The project plan is easily derived from the WBS. In fact, if you're using software to do your project planning (and you almost certainly are) then if you have the WBS, the project plan will almost write itself. The only substantive information you'll need to add are dependencies and lags (where applicable).

If you adopt this approach, i.e.WBS then the project plan, I'm convinced you'll rarely deviate. It has a number of advantages around scope definition, change control and taking some of the effort for the creation of the project plan away from the project planner. Conversely, I'm not convinced you can derive a complete WBS from the project plan, and developing the two in tandem is best avoided.

Finally, once you've got your project plan, you should be at the point where you can generate your resource plan. And, in fact, your project planning software will almost certainly do this for you.

There's quite a bit more ground to cover on this, specifically relating to 'progressive elaboration' to the appropriate level of detail. This will be the subject of future posts and will deal specifically with the WBS, the WBS dictionary, product descriptions and the generation of specific work packages. They'll be plenty of templates to get you started and save you time too.

Tuesday, June 12, 2012

Quality is a risky business

In former posts I referred to something called the Quality Risk Assessment or QRA.

Before elaborating further, I have to cite this as the work of another author – Rex Black who is a luminary in the world of testing.

You can read about the QRA (and more besides) in Rex’s own words here*. Equally, you can buy this book.

I include a link here to a copy I’ve tucked away for safe keeping just in case – but hopefully the link above remains sound.

My interest in the QRA approach arose from the following observations

1.    I needed a systematic way of apportioning test resources to a potentially infinite task
2.    I’d made efforts with Failure Mode Effect Analysis (FMEA) but it was too resource intensive for my purposes
3.    I needed an additional offering for stakeholders so that they could see their concerns were being prioritised and addressed
4.    I wanted to maximise resources in the areas of greatest concern
5.    I wanted to do as much work up front to de-risk implementation and release activities.

It was while reading generally around the subject of testing that I came across the quality risk assessment and realised this was the tool for the job.

I include a screen shot here and a link to a specimen spread sheet here which you can help yourself to. I’ve hastily entered some specimen data for illustrative purposes.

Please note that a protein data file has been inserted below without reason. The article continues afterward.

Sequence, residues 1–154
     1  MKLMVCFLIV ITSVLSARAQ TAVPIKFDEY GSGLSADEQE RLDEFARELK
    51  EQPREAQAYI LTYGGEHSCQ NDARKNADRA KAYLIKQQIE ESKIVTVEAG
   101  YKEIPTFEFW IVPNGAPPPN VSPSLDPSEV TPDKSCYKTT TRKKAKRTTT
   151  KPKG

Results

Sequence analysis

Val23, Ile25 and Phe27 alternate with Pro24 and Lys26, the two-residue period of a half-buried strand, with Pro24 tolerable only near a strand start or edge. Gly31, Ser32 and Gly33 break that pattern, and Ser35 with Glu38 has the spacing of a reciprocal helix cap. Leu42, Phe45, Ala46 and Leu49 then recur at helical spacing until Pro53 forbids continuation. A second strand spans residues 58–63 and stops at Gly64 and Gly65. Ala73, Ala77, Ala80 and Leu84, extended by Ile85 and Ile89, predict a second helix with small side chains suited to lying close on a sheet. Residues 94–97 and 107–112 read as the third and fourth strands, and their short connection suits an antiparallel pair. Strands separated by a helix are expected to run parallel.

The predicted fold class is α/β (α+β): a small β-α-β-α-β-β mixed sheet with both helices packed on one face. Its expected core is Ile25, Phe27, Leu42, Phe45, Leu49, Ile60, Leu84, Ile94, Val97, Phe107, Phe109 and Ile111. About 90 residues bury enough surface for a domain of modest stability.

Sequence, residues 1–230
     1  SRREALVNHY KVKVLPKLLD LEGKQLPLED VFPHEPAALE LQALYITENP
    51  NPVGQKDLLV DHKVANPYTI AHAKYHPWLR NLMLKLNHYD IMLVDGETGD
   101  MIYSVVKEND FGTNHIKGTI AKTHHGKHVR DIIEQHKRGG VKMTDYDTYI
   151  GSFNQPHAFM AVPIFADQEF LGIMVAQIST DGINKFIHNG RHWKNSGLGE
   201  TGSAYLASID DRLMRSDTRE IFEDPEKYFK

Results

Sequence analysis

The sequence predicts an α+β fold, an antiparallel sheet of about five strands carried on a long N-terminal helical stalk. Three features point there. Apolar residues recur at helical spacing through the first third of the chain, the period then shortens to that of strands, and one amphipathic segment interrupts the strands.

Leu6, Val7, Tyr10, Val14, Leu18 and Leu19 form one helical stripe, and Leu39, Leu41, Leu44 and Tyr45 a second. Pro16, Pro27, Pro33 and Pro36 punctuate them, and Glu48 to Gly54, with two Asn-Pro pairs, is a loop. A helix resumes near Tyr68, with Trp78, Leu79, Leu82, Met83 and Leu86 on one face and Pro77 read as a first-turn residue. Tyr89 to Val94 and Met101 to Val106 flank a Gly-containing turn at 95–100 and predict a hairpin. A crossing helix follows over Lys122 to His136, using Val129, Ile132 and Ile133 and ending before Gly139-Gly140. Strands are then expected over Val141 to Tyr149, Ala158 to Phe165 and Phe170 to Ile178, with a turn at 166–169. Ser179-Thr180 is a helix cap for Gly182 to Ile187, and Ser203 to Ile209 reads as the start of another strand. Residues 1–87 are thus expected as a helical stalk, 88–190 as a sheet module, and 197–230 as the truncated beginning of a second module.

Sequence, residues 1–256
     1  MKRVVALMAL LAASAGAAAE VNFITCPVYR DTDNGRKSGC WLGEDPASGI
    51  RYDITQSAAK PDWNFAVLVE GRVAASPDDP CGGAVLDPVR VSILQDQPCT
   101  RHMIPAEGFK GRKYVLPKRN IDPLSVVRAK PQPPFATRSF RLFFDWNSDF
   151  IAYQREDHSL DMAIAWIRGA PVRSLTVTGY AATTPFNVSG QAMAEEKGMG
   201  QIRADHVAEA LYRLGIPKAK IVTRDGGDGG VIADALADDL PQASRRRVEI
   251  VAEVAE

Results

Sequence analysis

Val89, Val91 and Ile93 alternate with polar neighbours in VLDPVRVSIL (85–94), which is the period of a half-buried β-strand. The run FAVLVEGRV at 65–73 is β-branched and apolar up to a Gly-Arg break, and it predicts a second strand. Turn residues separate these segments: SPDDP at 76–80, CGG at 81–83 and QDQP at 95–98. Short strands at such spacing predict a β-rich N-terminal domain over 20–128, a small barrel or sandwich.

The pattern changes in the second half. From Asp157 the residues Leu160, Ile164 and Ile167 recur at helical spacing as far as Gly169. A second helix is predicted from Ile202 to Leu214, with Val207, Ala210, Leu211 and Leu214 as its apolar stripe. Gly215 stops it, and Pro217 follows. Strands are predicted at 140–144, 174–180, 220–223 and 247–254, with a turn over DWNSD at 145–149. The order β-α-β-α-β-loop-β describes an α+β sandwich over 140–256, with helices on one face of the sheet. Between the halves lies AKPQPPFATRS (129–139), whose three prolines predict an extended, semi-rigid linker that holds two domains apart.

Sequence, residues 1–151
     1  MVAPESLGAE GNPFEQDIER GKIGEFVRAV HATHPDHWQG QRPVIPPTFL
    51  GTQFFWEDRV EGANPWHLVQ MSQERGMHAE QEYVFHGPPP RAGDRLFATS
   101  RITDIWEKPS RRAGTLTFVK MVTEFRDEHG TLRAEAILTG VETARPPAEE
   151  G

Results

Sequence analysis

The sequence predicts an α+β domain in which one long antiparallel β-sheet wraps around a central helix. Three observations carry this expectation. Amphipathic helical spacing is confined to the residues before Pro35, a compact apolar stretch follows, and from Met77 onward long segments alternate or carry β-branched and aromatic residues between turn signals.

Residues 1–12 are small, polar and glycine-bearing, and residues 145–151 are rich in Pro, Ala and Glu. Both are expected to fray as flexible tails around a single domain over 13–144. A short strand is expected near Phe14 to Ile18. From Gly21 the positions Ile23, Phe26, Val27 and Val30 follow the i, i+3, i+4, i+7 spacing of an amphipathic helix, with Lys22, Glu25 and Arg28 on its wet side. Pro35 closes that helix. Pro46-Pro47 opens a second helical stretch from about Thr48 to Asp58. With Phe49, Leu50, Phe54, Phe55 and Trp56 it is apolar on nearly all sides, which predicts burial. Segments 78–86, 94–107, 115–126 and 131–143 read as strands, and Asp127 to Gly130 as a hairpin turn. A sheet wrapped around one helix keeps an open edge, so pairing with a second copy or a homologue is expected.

The screen shot here only goes so far. I’ve got a few formulas to prioritise the risk categories, some charting (not sure it adds anything but certainly looks nice). The work sheet can undoubtedly be taken further and if anyone has any bright ideas, please make yourselves known. (Bubble chart of risks or a top 10 list of highest RPNs anyone?).

I’ve used data validation to constrain the severity, priority and likelihood fields to values of 1-5. I use the following definitions, but you can use what works for you.

Loss of data
Very likely
Loss of functionality
Loss of functionality (with work around)
Partial loss of functionality
Cosmetic error
Very likely

Looking back at the conceptual model I proposed a while back, we can see that we’ve covered quite a bit of ground on requirements gathering (with plenty more to go), this post with the additional links should give you a solid insight into the application and use of a quality risk assessment.

I recommend having the QRA up your sleeve. If you need a tool which is widely applicable, prioritises resources and is comprehensible to a range of stakeholders, I contend there are few better tools.

Thursday, June 7, 2012

Fail less with project management

I can understand a certain cynicism towards project management and project managers. The oft quoted figures suggest that 70-80% of projects fail.

When conversations on this topic arise, I often recall the interesting observation of a former colleague. “All projects fail and all projects succeed. Just to varying extents”.

I’ve recently moved house. A house move has stakeholders, communications interfaces, regulatory compliance, requests for change, a deadline and more besides. So while not exactly a project, it’s quite a bit like a project.

The management of stakeholders, risk, communications and expectations was abysmal. Relationships were strained, costs were incurred, dates slipped and compromised had to made. In short, it was a mismanaged fiasco. But, at the end of it, all parties are comfortably installed in their new houses and the matter is quickly receding into the past tense.

At which point, it’s opportune to recall some admittedly slightly facetious words from the aviation industry. “Any landing you can walk away from is a good one”. As succinct and easily endorsed a critical success factor as I know of.

So are our expectations too high? Are we asking too much from projects? Should we adopt the perspective of our colleagues in aviation? My house move above was doubtless a failure by any yardstick of project management but needless to say a tick in the estate agent’s monthly figures.

Projects that I have visibility of mostly achieve their objectives, sometimes the scope might get whittled away a little, sometime deadlines slip and, often, costs rise. But then a forecast schedule isn’t a deadline and a cost estimate isn’t a budget is it? Project managers, their colleagues and PMOs will try and estimate, forecast and adapt to changing circumstances as best they can. If there’s a headwind, then they may burn a bit more fuel and take a bit longer, but so long as we get the aircraft back on the ground in the general vicinity of the intended destination, that is success by one yardstick at least.